By Christina Mendez | The Philippine Star
MANILA, Philippines - Sen. Ferdinand Marcos Jr. has vowed to push today key amendments to correct “flawed assumptions and bloated figures” in the sin tax revenue projections that the Department of Finance has submitted to justify proposed higher taxes on cigarettes and liquor.
The Senate is set to pass the Sin Tax bill on second and third reading in one sitting today after President Aquino had certified it as urgent.
Marcos said he will move to correct the DOF “miscalculations” during the period of amendments.
Last week, Marcos cited during interpellations with Sen. Franklin Drilon the DOF submissions where the assumed growth of the consumption of tobacco “was indexed, or was tied to, the expected growth rate of the economy... at five percent or six percent.”
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Marcos presented his own study showing a recalculation of that growth rate to what is the historical growth rate of the tobacco industry, in terms of consumption, at 1.97 percent.
“This is the actual empirical data and from that empirical date, we have transposed the rate of increase... at the calculation of 1.97percent,” he said.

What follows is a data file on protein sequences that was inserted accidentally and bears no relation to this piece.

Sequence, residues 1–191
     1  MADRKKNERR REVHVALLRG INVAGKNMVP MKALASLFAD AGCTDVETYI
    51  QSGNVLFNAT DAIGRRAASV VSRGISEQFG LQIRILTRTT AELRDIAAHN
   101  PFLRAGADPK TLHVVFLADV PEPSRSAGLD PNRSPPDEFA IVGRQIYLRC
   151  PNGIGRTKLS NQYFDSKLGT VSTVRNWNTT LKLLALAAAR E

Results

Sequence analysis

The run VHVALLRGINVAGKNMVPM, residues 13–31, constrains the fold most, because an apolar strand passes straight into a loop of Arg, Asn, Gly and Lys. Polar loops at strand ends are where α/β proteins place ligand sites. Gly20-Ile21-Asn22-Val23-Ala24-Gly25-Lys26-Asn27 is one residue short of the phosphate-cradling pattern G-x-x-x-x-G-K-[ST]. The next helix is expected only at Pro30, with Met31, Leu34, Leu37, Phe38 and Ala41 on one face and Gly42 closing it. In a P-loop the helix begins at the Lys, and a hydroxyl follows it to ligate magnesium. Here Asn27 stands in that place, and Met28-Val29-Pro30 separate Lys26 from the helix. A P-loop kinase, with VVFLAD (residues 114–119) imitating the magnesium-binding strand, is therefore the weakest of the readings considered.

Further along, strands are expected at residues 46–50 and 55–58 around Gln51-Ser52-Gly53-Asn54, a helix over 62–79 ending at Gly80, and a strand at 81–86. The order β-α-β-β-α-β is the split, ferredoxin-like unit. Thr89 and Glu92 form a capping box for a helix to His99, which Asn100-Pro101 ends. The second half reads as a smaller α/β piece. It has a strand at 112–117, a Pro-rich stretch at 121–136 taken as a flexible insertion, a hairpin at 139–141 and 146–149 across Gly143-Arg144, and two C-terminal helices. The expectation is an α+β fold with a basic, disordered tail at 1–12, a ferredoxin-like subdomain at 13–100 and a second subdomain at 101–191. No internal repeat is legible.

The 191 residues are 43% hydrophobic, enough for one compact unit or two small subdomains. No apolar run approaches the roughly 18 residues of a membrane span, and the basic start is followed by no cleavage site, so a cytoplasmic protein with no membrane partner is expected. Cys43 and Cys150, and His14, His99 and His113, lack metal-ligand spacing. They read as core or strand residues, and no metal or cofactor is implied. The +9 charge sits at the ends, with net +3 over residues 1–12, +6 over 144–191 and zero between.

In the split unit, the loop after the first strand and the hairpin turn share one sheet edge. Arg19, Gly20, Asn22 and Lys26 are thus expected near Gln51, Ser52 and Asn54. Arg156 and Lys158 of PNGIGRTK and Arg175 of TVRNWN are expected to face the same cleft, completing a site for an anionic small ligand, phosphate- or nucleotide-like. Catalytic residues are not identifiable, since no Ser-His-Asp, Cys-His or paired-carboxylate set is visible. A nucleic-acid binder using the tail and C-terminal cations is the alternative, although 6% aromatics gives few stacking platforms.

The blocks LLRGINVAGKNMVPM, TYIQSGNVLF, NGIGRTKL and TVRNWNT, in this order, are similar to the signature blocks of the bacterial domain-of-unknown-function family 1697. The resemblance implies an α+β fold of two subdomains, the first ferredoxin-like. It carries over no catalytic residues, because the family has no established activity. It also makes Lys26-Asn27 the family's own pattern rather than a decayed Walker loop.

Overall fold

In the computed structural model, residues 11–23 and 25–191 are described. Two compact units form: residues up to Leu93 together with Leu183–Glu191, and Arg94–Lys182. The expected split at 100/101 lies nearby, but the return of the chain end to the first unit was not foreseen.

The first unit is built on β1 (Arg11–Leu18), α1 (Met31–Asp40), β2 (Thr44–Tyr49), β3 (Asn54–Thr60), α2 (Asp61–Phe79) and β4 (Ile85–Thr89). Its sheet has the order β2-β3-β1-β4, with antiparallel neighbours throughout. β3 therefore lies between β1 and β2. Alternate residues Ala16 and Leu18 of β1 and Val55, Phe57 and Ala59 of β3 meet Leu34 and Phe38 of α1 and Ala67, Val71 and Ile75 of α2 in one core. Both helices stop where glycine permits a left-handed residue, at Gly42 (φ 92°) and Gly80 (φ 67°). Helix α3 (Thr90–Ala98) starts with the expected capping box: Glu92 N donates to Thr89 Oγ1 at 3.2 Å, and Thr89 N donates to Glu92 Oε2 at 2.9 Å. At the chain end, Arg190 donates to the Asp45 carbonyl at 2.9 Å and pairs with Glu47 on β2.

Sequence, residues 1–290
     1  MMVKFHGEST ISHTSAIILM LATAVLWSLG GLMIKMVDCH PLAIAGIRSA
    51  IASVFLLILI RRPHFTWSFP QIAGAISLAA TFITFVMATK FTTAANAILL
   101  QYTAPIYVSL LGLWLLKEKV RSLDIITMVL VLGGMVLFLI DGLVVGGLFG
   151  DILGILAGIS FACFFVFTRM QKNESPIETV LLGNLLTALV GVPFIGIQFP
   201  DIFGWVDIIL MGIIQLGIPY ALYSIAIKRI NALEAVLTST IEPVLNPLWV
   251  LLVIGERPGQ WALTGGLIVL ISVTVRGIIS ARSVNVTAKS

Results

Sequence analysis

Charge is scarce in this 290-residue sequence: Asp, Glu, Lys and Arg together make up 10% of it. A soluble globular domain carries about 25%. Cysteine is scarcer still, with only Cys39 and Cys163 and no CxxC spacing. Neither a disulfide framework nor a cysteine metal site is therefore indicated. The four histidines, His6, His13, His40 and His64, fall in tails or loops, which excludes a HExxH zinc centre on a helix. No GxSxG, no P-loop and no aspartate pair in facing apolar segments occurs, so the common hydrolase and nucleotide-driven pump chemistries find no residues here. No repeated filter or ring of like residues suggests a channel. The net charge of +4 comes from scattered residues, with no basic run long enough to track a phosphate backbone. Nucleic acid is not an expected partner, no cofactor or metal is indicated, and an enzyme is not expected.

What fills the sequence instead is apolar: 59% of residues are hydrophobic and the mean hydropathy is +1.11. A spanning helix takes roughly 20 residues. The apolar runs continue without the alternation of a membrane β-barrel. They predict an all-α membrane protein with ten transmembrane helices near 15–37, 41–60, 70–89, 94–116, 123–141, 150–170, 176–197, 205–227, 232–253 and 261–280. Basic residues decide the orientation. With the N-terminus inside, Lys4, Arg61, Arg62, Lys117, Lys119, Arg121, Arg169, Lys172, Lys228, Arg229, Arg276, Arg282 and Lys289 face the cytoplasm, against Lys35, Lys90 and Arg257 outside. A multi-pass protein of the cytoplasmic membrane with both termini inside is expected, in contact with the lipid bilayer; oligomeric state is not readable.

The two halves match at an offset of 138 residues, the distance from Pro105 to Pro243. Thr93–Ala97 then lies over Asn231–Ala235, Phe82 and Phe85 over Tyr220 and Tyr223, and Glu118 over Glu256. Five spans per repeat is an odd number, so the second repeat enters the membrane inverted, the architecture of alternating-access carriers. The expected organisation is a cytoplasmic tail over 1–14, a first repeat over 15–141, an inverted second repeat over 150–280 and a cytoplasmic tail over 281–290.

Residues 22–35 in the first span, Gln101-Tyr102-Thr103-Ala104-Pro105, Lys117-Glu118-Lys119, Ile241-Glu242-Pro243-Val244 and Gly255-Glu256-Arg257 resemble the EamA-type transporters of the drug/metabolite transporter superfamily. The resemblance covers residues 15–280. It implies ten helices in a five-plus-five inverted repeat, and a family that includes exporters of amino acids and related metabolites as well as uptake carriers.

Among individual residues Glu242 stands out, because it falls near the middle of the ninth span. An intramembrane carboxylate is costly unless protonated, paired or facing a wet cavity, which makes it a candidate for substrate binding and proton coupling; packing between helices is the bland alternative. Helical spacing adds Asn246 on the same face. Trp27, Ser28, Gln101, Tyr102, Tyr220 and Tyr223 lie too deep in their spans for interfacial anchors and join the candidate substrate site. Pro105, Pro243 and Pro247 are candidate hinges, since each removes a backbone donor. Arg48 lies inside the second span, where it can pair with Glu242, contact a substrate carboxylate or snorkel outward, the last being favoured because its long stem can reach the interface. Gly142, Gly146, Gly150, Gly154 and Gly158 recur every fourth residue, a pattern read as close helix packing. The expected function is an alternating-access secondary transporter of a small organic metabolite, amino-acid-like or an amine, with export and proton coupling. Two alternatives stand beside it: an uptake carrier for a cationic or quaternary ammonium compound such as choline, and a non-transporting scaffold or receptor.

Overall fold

The rate would peg the incremental revenue from tobacco taxes at P16.54 billion instead of P26.87-billion targeted revenue in the DOF proposal that was based on five percent growth, Marcos said.
Drilon commended Marcos for “doing his homework and studying the issue very well.”
Drilon conceded that if Marcos was correct that the DOF assumptions are “inaccurate and, therefore, the resulting rates are not valid to achieve the purpose for which the bill is being presented.
“We are willing to listen to proposed amendments of the gentleman to correct whatever errors there are and project it properly so that we can achieve the objectives we are looking for,” he said.